This story is unfolding as the ideas come to me. There is no immediate plot and nothing is written in stone as to how it will develop. It seems that I might be writing in stone the time it’s taking. I should get a sharper chisel!

Anyway, it is as much a mystery to the writer as it is the reader. What ever you read it pretty much all I have written, with minimal editing, so, please, bear with me. An adventure for all of us, it seems. Hope you enjoy the ride. So far it’s fun for me. 

I read once that writers must write for themselves first, then afterwards as if they are writing for one person.

So for the time being, Sonel, it’s just me and you, it seems!

And  John Z…of course… 🙂

Treasure_Island-Scribner's-1911The first book his fingers came into contact with was a hardback. He lifted it out carefully.

Treasure Island. What a treat! He had two paperback editions of Robert Louis Stevenson’s classic but no hardback copy. Until now. And by the look of the cover art it was an old copy. But it was in surprisingly good condition. Gently, he opened the cover. There was a dedication. He read it.

To Michael. Here’s hoping you find treasure in all your adventures.

Love Dad.

For a split second, Michael experienced a feeling of déjà vu, which was very disconcerting as his dad had never given him this book before, and he almost dropped it in surprise.

He took a deep breath and smiled. ‘What a jerk’, he said aloud, and laughed. It isn’t as if the name Michael is uncommon is it, he thought.

No doubt this was another reason Auntie Apple included the book. Apart from being old; it had probably been stuck away in some old lady’s attic for ages, and was now even more special because the name was the same as his. He read all the print details: when it was published, who was the publisher and then carefully closed the cover and set it to one side. This would go in the special book case.

Adventure stories were Michael’s favourite, though he generally preferred non-fiction to those based, in principle, on the imagination of the author.

Michael believed there were enough fantastic stories out there happening all the time in real life without the need to make things up.

He had shelves of books by adventures like Robert Falcon Scott, Roald Amundsen, David Livingstone, The Wright Brothers, and even modern adventurers such as Sir Ranulph Fiennes, the Apollo and Soyuz astronauts, including female astronauts such as Sally Ride and Helen Sharman. And on the subject of female adventurers, one of Michael’s more unusual books of this genre was called, Around the World on Two Wheels: Annie Londonderry’s Extraordinary Ride.

Until he read this book his parents thought he might never ride a bicycle again after falling off his paper bike during a heavy snowfall last year. He had a serious concussion and for a while it was suspected he may have had a skull fracture. Auntie Apple had bought this book for him and he had been back on his bike after the first day of reading. 

After setting aside Treasure Island he quickly removed the rest of the books from the box, laying them out in the floor in a semi-circle in front of him. They were all interesting and mostly hardcover.

There was a gardening book and a book of garden birds by Sir Peter Scott, which Michael was especially pleased with. There was even a Haynes Owner’s Workshop Manual for an Austin Healey which, apart from a couple of grubby, oil-stained fingerprints on the cover, was in pretty good condition.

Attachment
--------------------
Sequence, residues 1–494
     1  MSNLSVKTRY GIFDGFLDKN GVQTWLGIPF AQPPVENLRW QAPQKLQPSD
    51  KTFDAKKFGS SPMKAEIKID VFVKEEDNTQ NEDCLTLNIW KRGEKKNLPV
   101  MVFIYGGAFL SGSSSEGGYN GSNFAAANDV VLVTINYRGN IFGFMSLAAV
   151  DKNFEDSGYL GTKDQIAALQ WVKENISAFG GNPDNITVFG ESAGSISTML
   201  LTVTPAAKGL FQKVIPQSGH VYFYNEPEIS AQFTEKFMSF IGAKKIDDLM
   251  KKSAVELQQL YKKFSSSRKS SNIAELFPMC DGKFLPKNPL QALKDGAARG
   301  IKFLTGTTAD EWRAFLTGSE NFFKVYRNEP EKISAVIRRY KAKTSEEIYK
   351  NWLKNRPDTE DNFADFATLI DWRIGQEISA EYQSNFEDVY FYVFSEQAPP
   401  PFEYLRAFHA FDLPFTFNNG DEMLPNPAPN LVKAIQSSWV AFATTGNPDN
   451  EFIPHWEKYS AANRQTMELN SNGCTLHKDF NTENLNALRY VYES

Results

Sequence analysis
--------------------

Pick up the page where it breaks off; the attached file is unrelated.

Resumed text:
Michael had no idea what an Austin Healy was, and it didn’t look too impressive from the cover illustration, so it meant little to him, until he opened the book and discovered this was a first edition, printed in 1960, and according to the forward, the very first motor car manual the company produced.

The lowly car’s status was immediately elevated by Michael’s reckoning. He briefly wondered who the oily fingerprints might have belonged to for surely they would have died by now.

He was about to put the box aside and beginning sorting and cataloguing when he realised there was one more book in the box. It nestled at the bottom filling the space so snug that Michael was obliged to turn the box upside down and tap it. The book slide gently out and dropped quietly onto the carpet.

Putting the box to one side he picked up the book.

Aside from being heavy, the book seemed old. No, not old, ancient.  The cover was dimpled black leather that felt like crocodile skin. He had never seen let alone felt crocodile skin before, although a friend of his mother had been around for tea one afternoon and had proudly shown off her new “Real fake crocodile skin handbag” which Michael had gingerly run his hand over.

This felt the same, only smoother, and Michael realised that, considering how old the book seemed, the cover was unlikely to be fake crocodile skin either. He didn’t feel comfortable about this but tried to rationalise it by hoping the crocodile had died of old age. Peacefully. In its sleep. Preferably somewhere warm and its last meal consisting mainly of crocodile hunter.

There was nothing printed on the cover to identify what the book was about or who was the author. Nor on the spine either he noted.

The book was shod with metal corners. They appeared to be silver or at least silver coloured and Michael thought they looked very fancy; like what you might imagine being on one of those really old church bibles, or a wizard’s book of spells. He smiled.

‘Open Sesame,’ he intoned in a deep voice as he opened the book. Or as deep as he could manage, which of late, had a nasty habit of coming out as a croak or worse, a squeak since he voice had begun to break.

The first page was blank. He turned to the second. Also blank.

And the third and the fourth. Michael quickly flipped through the pages. They were all blank. Every one. He couldn’t find a single printed word. Or written word for that matter. Neither a note or a scribble.

What sort of book is this?

Copyright©2013 Douglas Pearce

The copy of Treasure Island featured on this post was first published in 1911